Everyone loves a good story.
And what’s more, good stories sell.
Just look at product placement in popular films. In Tom Cruise’s break-out 1983 film Risky Business, Tom’s character Joel wears Ray Ban Wayfarer sunglasses. In 1981, two years before the film came out, only 18,000 pairs of Wayfarers were sold. In 1983, Ray Ban sold 360,000 pairs.
Three years later in 1986, one of Tom’s biggest ever blockbusters Top Gun hit the screens. This time, Tom was playing Maverick, who wore Ray Ban Aviators. As a result of this product placement, Ray Ban reported that sales of Aviator sunglasses increased by 40%.
Movies like Risky Business and Top Gun get rave reviews because you get drawn into the story that the movie is telling. The movie captures your attention, and you develop an emotional connection with the movie’s hero.
Stories in top-rating movies deliver powerful messages – for example, that wearing Ray Ban sunglasses is cool, and that if you want to be cool like Tom, you should be wearing Ray Bans as well.
Great copywriting stories follow the same pattern as great movie stories.
Great copywriting stories ignite the imagination and get the reader emotionally invested so that they become a captive audience. And when your story segues to the product or service that you want to focus on, that is the copywriting version of ‘product placement’.
“But there are a lot of movies produced each year that are flops, losing millions”, I hear you say. “How can you ensure that a copywriting story is a ‘hit’?”
Let’s look at four kinds of stories that have a long track record of evoking a positive response in readers – copywriting stories that sell.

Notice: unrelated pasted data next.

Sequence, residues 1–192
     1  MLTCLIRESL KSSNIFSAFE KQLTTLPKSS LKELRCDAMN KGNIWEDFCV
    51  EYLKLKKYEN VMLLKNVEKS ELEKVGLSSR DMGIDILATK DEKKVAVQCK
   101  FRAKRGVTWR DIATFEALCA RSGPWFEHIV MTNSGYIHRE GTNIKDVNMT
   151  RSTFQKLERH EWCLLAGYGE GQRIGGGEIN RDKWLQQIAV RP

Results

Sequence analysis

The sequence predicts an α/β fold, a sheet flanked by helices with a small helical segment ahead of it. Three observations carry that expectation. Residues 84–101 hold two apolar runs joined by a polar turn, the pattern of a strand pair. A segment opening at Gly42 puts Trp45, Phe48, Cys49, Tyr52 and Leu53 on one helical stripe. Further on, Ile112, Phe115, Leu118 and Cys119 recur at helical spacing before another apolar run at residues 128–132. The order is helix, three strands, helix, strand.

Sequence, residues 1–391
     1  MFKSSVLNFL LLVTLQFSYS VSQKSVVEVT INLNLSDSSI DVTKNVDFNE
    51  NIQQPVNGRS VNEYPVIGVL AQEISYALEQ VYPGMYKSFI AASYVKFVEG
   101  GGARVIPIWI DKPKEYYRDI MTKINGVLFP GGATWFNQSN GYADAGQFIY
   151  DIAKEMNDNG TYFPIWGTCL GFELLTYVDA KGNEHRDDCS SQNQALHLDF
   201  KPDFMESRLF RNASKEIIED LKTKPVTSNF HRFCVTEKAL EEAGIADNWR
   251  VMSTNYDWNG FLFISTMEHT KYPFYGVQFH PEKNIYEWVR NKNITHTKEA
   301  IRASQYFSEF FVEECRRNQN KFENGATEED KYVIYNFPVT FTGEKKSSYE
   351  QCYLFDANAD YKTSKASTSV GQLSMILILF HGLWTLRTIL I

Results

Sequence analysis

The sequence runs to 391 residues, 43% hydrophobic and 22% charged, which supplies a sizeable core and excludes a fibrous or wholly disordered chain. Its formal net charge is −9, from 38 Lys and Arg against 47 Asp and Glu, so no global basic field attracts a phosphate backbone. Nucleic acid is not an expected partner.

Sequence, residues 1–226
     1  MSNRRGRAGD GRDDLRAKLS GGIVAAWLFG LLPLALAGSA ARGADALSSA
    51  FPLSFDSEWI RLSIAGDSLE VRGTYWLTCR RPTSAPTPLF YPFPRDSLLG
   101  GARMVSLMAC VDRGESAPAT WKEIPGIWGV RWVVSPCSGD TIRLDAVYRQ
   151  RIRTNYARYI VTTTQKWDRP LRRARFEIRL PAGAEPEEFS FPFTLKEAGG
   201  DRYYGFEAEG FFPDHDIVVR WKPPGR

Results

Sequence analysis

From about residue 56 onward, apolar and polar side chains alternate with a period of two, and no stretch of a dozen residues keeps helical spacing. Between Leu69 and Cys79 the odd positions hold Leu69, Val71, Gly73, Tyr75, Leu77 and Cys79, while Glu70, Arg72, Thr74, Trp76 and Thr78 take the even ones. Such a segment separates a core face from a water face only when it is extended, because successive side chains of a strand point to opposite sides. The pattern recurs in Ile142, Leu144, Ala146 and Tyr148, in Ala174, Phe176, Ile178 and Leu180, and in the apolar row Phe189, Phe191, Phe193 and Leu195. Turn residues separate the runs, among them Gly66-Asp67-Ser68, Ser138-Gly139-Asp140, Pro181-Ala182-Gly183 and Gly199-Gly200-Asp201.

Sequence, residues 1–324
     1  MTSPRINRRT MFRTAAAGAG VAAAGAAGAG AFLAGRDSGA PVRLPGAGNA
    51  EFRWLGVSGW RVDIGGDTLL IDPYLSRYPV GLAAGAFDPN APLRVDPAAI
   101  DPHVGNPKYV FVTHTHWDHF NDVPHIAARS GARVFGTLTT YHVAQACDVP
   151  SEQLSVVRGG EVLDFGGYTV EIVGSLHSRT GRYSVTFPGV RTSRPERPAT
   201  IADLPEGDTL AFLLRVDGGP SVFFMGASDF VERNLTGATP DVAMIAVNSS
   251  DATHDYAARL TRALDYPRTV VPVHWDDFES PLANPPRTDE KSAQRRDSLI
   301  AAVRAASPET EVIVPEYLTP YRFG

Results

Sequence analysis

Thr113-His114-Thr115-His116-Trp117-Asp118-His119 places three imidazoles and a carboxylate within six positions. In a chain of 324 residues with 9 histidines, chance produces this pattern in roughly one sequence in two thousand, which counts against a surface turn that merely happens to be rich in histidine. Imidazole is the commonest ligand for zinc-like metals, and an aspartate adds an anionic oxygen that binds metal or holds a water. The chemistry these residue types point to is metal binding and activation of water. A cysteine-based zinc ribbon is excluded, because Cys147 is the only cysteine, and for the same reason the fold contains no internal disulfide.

Who I am
People love to get behind a hero’s story. You can be the hero of a copywriting story. But make sure you’re a hero and not a victim.
The reader wants to see your scars, not your wounds. It’s fine to talk about past failures, so long as there’s a solution. Then you’re in the ideal position to segue from the story to your product or service, showing how it’s the solution to the reader’s problem.
The enemy in common
One of the best ways to create a strong and enduring relationship with prospects is to create a bond because there’s a common enemy. For example, if you’re selling healthy food, you could point out that fast food giants are so focused on making their millions, they don’t care that they’re ruining our health.
This kind of story boosts brand loyalty through building a group identity. You do need to be careful though. It is counter-productive to let things get personal by calling out specific competitors.
Vision of the future
‘Think of how much better your world will be when you buy our product or service.’ This is the driving force behind a ‘vision of the future’ story. You put your arm around your prospect’s shoulder and walk with them, showing them what their new life is going to be like.
It gets the reader to change their perspective. Rather than getting bogged down with current difficulties, they’re inspired to see a future where problems are solved and life is easier and happier.
You’re like me
People want to believe that their beliefs and values are valid. If your copywriting story demonstrates that you share beliefs and values with the target audience, it builds a rapport. Then the reader is willing to trust you.
The biggest objection that anyone can have to buying, the biggest barrier to any sale, is a lack of trust. And the most untrustworthy source of information in the world, according to research, is the internet.
The best strategy to address this is to make the prospect feel appreciated and recognised – to make them truly believe that you understand them and get where they’re coming from.